The DOT weighed in on cruise pricing in the recently released proposed rules regarding passenger vessel access for vessels subject to the Americans with Disabilities Act.
First and foremost the proposed rules state that price discrimination is forbidden. That comes as no big surprise; however it was a little surprising how they interpreted the rules.
In one example they stated that if a wheelchair-user needs help to board the ship because the gangway is too steep, it would not be appropriate for employees who provide this assistance to solicit tips. That seems fair, in the respect that this is only the case if the gangway is too steep to allow independent access. But what if a person is unable to wheel themselves up a standard gangway? Can the people assisting that person solicit tips? It appears so, as the defining factor in this example is ?if the gangway is too steep to be boarded by a wheelchair-user without assistance?. Be that as it may, I think that folks will solicit tips no matter what. Still I applaud the regulation as it attempts to address an inequity.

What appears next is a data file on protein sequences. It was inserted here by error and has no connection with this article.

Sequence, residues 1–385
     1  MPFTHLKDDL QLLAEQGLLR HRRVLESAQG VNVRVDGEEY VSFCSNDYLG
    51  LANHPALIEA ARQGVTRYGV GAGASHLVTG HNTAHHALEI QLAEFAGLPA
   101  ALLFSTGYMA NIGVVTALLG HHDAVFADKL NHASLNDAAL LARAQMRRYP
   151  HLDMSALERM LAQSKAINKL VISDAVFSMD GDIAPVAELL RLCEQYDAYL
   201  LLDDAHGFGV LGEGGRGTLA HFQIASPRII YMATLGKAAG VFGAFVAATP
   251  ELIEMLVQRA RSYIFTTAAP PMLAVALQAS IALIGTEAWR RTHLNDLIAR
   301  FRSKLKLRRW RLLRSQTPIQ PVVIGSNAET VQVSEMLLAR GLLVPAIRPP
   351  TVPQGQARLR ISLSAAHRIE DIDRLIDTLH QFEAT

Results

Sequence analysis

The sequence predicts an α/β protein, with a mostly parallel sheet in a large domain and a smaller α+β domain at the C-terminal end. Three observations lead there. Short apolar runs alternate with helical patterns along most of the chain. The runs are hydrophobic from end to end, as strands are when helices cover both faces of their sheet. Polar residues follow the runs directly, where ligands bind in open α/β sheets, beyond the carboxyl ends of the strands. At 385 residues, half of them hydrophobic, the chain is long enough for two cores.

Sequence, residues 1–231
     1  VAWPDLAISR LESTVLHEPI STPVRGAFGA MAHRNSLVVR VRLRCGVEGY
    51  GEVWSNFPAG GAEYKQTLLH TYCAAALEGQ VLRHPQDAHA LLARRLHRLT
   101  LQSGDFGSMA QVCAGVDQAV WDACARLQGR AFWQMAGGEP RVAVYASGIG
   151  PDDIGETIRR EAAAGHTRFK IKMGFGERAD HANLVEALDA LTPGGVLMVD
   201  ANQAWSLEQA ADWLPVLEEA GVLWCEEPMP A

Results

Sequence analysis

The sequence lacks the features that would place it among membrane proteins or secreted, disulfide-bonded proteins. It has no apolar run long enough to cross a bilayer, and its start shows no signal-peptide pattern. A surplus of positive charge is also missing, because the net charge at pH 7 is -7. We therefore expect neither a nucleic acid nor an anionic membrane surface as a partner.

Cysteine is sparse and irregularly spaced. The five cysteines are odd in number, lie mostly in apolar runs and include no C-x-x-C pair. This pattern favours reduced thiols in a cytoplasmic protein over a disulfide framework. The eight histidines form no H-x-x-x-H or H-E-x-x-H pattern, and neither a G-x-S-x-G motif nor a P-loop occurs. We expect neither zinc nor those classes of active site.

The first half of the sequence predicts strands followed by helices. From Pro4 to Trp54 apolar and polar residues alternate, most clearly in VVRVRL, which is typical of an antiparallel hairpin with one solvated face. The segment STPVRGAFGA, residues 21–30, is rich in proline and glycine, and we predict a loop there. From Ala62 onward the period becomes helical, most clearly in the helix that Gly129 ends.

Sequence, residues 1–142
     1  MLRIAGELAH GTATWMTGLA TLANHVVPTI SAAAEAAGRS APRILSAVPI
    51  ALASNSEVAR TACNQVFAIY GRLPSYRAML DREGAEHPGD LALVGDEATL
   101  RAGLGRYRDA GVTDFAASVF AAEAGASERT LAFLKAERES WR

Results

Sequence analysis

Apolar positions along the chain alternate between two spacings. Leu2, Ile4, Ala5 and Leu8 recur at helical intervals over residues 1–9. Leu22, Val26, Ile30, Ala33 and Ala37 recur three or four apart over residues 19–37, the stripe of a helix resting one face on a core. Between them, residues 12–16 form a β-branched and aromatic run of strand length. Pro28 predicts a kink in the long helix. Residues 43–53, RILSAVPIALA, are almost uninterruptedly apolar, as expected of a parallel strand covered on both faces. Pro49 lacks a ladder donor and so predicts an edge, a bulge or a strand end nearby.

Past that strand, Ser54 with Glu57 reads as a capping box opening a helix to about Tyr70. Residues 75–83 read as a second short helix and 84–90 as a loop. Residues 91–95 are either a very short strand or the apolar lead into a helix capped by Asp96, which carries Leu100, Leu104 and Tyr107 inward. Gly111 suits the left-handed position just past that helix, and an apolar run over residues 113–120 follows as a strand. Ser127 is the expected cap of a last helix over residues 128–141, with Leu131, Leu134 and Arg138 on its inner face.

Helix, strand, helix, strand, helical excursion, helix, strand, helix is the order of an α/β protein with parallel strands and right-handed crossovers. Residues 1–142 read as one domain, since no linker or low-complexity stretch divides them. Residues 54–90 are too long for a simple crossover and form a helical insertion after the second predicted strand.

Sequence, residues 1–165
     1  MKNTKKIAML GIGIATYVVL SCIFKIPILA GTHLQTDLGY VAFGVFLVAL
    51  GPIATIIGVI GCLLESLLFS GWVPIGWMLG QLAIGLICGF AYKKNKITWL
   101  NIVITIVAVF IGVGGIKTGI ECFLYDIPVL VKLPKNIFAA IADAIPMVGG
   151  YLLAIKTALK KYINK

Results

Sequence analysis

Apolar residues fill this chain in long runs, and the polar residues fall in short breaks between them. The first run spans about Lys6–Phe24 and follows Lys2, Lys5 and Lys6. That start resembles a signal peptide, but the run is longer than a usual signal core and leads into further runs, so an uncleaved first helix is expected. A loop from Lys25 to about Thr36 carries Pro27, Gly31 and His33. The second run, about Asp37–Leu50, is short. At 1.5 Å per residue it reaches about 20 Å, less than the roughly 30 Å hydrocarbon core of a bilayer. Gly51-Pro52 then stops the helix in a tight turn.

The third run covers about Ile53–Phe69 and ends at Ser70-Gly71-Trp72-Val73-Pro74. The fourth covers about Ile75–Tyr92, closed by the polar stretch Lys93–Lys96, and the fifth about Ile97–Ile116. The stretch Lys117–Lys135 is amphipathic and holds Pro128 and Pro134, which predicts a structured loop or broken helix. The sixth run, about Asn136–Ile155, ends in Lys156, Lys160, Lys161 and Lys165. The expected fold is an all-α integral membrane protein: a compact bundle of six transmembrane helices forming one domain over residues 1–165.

In another example the rules state that if a customer wants to book an accessible inside cabin, but the only accessible cabins on that particular ship are the more expensive outside cabins, then the cruise line must give that cabin to the customer at the cheaper (inside cabin) price. That seems fair, and hopefully it will encourage the cruise lines to include accessible cabins in all price ranges.
All in all, I think the DOT did a pretty good job on the proposed rules. Now if we can just get the Access Board to finalize their rules, we?ll really be cooking with gas!